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Journal: Discovery of D6

Union Station - D6 (March 2002): Union Station sure is changin' these days. After peeking at some mezzanine-level construction, Liz and I headed down to the lower levels of the station to see what was new. Hertz is gradually annexing larger and larger chunks of the garages, so the place is much more yellow than it used to be. Some of the ramps have been repaved. Along one of those ramps, Liz and I stumbled upon a door set halfway up the wall, beyond which we cold see a large, dark cavern.
       Leaping in and wedging the door shut behind us, Liz and I looked around the cavern, which was dimly lit by a few bare lightbulbs hanging from wires. The floor was dirt, and there were piles of dirt and trenches cut into the dirt all around. There was an impressive gallery of abandoned toilets from decades past. I crawled through a small tunnel set into the ground and wound up in a large ventilation shaft which was also set into the dirt. It's amazing how primitive this whole area is; too bad there isn't more to it.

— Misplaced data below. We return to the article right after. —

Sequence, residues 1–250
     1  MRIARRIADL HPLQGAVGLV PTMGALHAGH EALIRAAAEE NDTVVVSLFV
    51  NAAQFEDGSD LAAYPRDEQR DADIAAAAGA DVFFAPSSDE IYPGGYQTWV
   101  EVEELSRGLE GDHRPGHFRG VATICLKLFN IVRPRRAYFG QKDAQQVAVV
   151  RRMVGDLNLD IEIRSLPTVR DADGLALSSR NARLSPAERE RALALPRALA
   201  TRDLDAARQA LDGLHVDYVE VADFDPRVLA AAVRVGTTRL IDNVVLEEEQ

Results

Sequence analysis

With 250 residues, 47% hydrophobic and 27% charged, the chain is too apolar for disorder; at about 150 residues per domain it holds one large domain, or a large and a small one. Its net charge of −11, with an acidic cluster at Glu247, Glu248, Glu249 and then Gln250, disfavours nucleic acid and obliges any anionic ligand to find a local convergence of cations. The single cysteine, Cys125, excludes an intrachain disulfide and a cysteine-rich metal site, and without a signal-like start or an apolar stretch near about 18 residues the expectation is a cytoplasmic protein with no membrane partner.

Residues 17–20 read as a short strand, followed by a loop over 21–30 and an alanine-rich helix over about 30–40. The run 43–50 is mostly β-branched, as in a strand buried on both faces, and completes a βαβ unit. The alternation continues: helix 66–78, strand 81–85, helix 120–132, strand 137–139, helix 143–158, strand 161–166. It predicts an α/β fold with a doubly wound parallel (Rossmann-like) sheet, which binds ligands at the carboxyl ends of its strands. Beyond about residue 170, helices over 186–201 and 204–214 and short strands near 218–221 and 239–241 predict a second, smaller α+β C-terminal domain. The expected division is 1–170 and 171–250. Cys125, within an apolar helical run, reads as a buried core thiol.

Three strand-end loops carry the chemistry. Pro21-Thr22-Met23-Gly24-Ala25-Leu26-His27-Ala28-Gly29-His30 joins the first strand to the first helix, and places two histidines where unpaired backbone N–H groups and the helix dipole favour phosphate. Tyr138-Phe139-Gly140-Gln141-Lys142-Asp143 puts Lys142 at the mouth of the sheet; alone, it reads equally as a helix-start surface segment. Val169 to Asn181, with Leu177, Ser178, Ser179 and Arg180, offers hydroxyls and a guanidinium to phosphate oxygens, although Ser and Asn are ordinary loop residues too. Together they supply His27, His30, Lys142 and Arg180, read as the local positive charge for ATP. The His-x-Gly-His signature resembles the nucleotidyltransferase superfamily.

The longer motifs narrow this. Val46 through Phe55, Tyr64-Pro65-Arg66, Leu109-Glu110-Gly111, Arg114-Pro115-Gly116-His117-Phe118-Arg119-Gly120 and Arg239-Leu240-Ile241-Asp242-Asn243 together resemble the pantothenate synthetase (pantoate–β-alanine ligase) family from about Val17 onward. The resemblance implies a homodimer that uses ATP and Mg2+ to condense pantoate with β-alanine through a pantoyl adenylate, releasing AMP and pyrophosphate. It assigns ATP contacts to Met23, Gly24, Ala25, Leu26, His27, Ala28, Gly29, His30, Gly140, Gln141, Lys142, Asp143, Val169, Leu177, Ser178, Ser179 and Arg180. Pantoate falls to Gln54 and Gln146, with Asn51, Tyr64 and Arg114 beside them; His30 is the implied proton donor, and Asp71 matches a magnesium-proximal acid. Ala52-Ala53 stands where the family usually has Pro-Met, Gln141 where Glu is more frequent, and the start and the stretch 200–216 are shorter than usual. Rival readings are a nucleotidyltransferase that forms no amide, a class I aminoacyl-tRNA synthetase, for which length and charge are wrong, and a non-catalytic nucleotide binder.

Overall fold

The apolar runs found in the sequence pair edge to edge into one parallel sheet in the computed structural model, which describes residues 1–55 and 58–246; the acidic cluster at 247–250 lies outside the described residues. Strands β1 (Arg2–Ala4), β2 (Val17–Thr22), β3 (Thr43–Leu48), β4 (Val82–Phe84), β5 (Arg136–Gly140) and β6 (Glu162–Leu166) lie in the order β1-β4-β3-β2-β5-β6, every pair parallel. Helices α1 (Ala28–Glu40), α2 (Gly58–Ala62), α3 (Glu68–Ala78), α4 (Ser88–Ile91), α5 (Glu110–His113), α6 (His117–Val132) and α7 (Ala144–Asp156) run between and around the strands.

A gallery of abandoned toilets, and a tunnel carved into the dirt and crumbling brick.

After exiting D6, Liz and I went to take a peek at the area that used to connect Union Station to the Air Canada Centre. A large wooden garage door was shut over the old entrance. Liz and I were conjecturing about how that door might be raised to allow cars to drive into the weird Hall of Fords showcase that connects public areas of Union Station and the Air Canada Centre when A VIA employee strolled up to us and told us we weren't allowed in the employee area. Liz quizzed him about the Hall of Fords while he ushered us out. (Liz's pictures of this trip are at Viewing Hole Gallery.)

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